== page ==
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Local Content, Jobs, Youth: Business Priorities
Local content, job creation and youth entrepreneurship should be viewed as core business activities.
Shell is one of the oldest energy companies in Nigeria and has played a pioneering role in the country’s oil and gas industry throughout its history. Nurturing local skills, talent and contracting capacity has been a mainstay of our business for many years.
For us, local content starts with our own workforce. Our two largest companies in Nigeria together employ over 4,000 people, 95 per cent of whom are Nigerian—including the majority of senior executives. We are a largely Nigerian organisation run primarily by Nigerian people and this is reflected throughout our supply chain. Shell Companies in Nigeria awarded more than 90 per cent of their contracts to Nigerian companies in 2013.
Of course, local content is not a discretionary field of activity. Legislation sets challenging targets and there is a strong social performance imperative. Our license to operate depends heavily on our ability to bring jobs, contracts and other tangible benefits to the communities in which we operate.
As in other technical industries in which skills and capacity take time to mature, we occasionally face tensions between regulation, community expectations and business reality. However, we see the development of local content as first and foremost a business strategy and a source of competitive advantage. We best serve all our stakeholders when we turn resources into jobs and opportunities as well as revenues.
The development of Nigeria’s offshore oil and gas industry over the last two decades stands as a shining example of what can be achieved through long-term partnerships between international companies and national resource holders. The Shell Nigeria Exploration and Production Company (SNEPCo) was formed in 1993 to develop Nigeria’s oil and gas resources in the Bonga field, 120km offshore in the Gulf of Guinea. This was a new frontier for the country’s energy industry and there was virtually no local skills base in place.
SNEPCo began producing at Bonga in 2005, increasing Nigeria’s oil capacity by 10 per cent. Local companies played a key role at every stage of the project’s development, with some of the key structures and components built and assembled in Nigeria. The project helped create the first generation of Nigerian oil and gas engineers with deep water experience and by 2013 some 90 per cent of core offshore staff were Nigerian. Bonga has also stimulated the growth of a range of support industries such as maritime services, materials manufacturing and maintenance, floating hotels and helicopters. Today, Nigeria boasts a world-class offshore oil and gas industry.
A similar impact has been evident onshore with the Gbaran Ubie integrated oil and gas project, through which Shell is developing several fields originally discovered in the 1970s but never fully utilised because they contained mainly gas. More than 140 Nigerian companies have provided services including construction, pipeline design and manufacture, vessel fabrication and logistics. Shell has also facilitated community-driven projects to provide drinking water, construct schools and health centres and connect several communities to the electricity grid for the first time. Gbaran Ubie has stimulated economic growth and helped raise living standards locally. It has also created a legacy of skills and capacity in complex integrated gas projects, which will be vital to meeting Nigeria’s electricity supply challenges in the years ahead.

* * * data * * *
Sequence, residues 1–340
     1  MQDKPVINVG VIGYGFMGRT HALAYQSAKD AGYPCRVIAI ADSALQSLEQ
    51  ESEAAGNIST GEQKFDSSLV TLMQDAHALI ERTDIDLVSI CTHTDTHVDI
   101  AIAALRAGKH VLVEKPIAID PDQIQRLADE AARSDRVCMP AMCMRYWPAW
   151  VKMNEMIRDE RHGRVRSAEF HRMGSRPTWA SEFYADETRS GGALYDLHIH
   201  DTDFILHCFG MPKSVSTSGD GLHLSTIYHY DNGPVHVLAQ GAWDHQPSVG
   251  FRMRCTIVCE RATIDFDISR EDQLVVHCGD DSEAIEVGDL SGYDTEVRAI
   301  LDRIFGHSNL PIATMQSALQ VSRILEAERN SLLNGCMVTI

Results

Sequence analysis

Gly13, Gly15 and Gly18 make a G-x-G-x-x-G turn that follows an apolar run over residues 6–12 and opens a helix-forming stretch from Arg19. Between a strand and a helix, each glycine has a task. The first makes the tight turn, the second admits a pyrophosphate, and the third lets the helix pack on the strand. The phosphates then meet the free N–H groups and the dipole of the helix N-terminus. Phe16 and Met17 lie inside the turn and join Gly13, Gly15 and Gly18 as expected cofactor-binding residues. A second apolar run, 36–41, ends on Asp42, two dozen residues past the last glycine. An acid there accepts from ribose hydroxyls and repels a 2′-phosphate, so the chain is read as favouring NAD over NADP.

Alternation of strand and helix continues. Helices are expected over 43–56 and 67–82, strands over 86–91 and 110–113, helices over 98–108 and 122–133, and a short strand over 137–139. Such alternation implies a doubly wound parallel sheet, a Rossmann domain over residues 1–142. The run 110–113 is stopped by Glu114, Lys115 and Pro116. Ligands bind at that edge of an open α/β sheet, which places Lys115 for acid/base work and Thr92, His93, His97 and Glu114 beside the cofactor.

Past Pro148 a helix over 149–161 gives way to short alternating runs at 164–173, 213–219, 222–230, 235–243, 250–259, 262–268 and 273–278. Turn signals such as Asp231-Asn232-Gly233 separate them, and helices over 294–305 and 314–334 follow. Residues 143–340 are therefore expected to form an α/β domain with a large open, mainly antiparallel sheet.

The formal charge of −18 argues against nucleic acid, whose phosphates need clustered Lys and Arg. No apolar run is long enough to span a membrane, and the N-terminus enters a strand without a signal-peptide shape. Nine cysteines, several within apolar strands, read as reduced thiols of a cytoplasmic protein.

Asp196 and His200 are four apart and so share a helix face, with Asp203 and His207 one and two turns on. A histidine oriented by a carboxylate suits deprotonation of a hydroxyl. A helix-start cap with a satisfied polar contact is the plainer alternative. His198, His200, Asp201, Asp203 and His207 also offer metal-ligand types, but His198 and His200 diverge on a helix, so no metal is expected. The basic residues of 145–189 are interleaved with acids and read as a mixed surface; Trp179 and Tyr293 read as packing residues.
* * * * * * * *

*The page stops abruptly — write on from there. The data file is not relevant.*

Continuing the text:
“We do not see investment in youth as an optional extra.”
Our industry depends on continual innovation. For this reason Shell has a long history of supporting education in Nigeria. We award more than 2,000 scholarship grants every year and invest in the wider development of scientific disciplines and research through the endowment of professorial chairs and sponsorship of academic centres of excellence in fields such as geosciences, petroleum engineering and environmental management. Over 50 years the programme has offered education to more than 14,000 Nigerians. LiveWIRE, our flagship youth enterprise development programme, has provided access to training, business development services and start-up capital to more than 5,000 young entrepreneurs in the Niger Delta since its launch in 2003.
Again, we do not see investment in youth as an optional extra. With a population of over 165 million, Nigeria is already the largest country in Africa and the world’s seventh most populous. The future trajectory is sharply upwards. According to UN projections we could have the world’s fourth largest population by 2030 and potentially surpass the United States by 2050. Our burgeoning youth are the country’s most important resource but also the most powerful incentive for Nigeria to make the most of its energy potential. We have a strong mutual stake in making the most of these opportunities together in the years ahead.
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